Other times I'll buy coconut milk and curry paste and add that to make curry chicken. Its a really low maintenance/effort way to cook a week's worth of lunches (at least). And of course I don't always add carrots, but always a low glycemic index carb with vitamin/mineral content.

I will mix and match flavors and meats too, pork, beef, whatever is cheapest the week I go to buy animal. Ground beef being my least favorite.

Behemoth
08-16-2011, 02:04 PM
Thanks for the recipe!

chevelle2291
08-16-2011, 02:09 PM
Thanks for the recipe!

I made some kickass teriyaki chicken stir fry the other day that you woulda loved. Virtually 0 fat in the whole meal.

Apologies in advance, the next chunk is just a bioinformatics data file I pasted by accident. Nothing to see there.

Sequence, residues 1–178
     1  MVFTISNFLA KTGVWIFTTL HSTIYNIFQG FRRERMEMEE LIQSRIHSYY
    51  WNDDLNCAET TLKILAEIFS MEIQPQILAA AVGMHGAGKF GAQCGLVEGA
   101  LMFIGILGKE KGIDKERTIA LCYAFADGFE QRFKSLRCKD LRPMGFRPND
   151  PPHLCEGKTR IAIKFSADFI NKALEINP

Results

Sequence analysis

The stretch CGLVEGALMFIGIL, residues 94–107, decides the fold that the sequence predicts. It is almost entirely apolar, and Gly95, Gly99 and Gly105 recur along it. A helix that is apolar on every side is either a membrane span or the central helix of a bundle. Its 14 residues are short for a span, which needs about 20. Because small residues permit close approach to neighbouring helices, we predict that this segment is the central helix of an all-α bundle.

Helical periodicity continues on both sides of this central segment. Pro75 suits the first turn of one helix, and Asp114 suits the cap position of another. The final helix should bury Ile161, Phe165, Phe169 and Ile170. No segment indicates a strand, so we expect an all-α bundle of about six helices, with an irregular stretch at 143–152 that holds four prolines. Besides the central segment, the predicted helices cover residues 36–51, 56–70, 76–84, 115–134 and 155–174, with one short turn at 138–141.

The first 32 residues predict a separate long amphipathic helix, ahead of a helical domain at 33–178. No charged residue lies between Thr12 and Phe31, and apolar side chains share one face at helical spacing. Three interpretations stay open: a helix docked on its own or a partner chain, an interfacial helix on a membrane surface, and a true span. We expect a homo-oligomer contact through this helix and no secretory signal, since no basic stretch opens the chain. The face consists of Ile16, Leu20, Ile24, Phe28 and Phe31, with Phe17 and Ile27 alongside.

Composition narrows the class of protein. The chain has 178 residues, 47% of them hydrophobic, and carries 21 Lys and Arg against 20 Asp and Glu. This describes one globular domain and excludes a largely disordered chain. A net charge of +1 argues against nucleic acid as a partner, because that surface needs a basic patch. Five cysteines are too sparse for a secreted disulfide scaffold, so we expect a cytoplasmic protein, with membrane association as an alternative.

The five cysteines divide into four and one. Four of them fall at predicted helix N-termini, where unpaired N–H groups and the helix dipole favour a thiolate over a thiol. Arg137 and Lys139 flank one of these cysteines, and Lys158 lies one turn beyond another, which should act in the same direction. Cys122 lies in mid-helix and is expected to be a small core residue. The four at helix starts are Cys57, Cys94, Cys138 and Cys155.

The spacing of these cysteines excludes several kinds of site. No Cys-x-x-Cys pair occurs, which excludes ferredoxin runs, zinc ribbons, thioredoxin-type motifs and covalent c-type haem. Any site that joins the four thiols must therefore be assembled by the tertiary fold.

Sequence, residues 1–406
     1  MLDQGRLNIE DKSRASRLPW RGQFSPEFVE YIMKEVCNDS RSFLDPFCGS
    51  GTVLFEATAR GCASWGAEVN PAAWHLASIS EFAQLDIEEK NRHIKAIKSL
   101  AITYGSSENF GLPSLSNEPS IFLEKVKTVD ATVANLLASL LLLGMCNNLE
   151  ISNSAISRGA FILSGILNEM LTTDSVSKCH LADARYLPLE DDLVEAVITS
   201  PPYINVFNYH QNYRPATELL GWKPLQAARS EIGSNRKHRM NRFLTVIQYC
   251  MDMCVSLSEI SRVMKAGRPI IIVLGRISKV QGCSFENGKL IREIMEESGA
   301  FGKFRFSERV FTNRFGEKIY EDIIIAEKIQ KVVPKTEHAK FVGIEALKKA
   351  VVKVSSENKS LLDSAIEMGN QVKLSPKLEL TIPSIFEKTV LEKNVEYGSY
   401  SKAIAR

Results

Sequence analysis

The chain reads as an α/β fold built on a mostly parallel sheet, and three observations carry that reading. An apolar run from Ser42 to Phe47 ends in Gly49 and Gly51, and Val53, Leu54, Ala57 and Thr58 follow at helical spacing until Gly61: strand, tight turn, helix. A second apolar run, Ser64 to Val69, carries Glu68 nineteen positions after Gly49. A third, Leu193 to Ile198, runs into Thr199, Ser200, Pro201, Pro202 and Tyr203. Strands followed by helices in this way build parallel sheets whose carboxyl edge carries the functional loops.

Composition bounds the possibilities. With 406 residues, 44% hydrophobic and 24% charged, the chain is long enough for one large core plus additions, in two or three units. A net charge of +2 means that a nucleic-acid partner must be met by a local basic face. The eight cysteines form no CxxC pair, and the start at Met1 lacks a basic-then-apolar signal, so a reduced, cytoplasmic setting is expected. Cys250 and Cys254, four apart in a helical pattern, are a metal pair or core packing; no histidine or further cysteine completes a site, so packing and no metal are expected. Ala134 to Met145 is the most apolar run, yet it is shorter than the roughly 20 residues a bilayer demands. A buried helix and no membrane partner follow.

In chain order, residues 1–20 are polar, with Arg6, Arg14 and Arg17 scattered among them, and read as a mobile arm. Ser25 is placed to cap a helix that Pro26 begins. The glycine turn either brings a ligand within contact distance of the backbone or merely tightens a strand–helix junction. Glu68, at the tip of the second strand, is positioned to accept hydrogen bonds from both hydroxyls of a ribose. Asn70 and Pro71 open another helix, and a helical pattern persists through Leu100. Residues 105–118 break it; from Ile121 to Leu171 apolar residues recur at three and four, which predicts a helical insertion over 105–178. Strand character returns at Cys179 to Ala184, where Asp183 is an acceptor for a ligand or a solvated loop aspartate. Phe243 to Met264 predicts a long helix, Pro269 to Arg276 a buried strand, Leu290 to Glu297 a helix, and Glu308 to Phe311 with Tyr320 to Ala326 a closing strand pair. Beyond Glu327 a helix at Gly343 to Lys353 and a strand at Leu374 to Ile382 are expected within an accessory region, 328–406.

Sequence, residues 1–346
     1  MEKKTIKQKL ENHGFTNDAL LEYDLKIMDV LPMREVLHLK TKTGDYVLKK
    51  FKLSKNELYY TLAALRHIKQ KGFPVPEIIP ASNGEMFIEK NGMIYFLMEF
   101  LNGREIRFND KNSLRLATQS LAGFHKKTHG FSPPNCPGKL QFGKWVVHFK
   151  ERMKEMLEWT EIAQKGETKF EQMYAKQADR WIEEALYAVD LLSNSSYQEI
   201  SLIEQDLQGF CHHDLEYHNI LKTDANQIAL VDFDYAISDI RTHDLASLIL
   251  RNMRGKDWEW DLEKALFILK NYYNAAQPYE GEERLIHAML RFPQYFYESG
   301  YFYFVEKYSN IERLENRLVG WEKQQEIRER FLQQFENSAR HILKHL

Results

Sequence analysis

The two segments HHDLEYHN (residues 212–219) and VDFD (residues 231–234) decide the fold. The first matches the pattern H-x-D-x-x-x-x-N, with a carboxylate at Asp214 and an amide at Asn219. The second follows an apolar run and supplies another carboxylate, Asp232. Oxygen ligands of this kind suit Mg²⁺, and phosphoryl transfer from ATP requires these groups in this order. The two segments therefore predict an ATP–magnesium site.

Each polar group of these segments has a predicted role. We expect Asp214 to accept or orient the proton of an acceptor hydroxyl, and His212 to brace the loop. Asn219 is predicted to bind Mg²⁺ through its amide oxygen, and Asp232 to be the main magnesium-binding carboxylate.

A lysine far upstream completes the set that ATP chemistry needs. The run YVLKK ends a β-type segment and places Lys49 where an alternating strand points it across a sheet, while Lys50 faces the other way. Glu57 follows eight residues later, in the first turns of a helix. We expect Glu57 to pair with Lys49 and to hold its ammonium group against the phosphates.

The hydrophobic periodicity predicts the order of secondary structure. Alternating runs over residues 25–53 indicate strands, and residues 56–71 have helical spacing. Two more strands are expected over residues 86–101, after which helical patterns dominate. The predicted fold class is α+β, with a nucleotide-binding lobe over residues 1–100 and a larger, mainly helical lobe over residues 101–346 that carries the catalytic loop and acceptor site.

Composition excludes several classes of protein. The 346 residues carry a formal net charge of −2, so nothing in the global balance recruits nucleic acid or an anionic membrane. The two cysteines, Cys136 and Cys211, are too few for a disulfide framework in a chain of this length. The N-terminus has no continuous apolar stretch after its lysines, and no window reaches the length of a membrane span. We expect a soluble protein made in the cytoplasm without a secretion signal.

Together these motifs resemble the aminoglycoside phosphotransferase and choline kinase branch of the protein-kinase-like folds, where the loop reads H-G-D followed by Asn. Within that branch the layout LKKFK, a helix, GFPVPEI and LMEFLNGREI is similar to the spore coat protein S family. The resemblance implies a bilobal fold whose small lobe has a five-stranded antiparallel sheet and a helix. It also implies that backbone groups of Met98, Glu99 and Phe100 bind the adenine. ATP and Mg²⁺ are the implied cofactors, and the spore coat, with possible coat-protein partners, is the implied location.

dynamo
08-16-2011, 02:17 PM
I made some kickass teriyaki chicken stir fry the other day that you woulda loved. Virtually 0 fat in the whole meal.

post your recipe or GTFO

BallsWideDeep
08-18-2011, 12:34 PM
post your recipe or GTFO

:zipit:

My "terriyaki" is equal parts beer, soy sauce, and pineapple juice. Then you can mess around with different flavored vinegars, wine, sugars, hoisin or oyster sauce, tahini, whatever.

bamazav
08-18-2011, 03:23 PM
Great advice.

I'm currently putting down a grocery list (just got a BJ's card) that I can hopefully keep under $200.

So far I've got:

- Eggs
- Bagels
- Cereal
- Oatmeal

- Peanut Butter (PB&J is my favorite so I should run through Peanut Butter with ease)
- Whole Wheat Bread

- Chicken Breasts / Rotisserie Chicken
- Ground Beef
- Salmon
- Tuna (also another one of my favorites that I should run through easily)